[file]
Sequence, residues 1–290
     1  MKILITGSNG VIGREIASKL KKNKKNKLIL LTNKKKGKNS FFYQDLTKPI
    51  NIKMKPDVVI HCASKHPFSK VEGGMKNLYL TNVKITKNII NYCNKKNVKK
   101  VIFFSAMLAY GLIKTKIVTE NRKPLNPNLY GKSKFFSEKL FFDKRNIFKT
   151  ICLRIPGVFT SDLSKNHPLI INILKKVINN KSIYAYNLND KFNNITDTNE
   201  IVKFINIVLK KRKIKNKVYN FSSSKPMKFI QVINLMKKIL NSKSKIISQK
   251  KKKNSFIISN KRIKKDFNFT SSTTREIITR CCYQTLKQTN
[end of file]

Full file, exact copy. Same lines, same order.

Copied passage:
Sequence, residues 1–290
     1  MKILITGSNG VIGREIASKL KKNKKNKLIL LTNKKKGKNS FFYQDLTKPI
    51  NIKMKPDVVI HCASKHPFSK VEGGMKNLYL TNVKITKNII NYCNKKNVKK
   101  VIFFSAMLAY GLIKTKIVTE NRKPLNPNLY GKSKFFSEKL FFDKRNIFKT
   151  ICLRIPGVFT SDLSKNHPLI INILKKVINN KSIYAYNLND KFNNITDTNE
   201  IVKFINIVLK KRKIKNKVYN FSSSKPMKFI QVINLMKKIL NSKSKIISQK
   251  KKKNSFIISN KRIKKDFNFT SSTTREIITR CCYQTLKQTN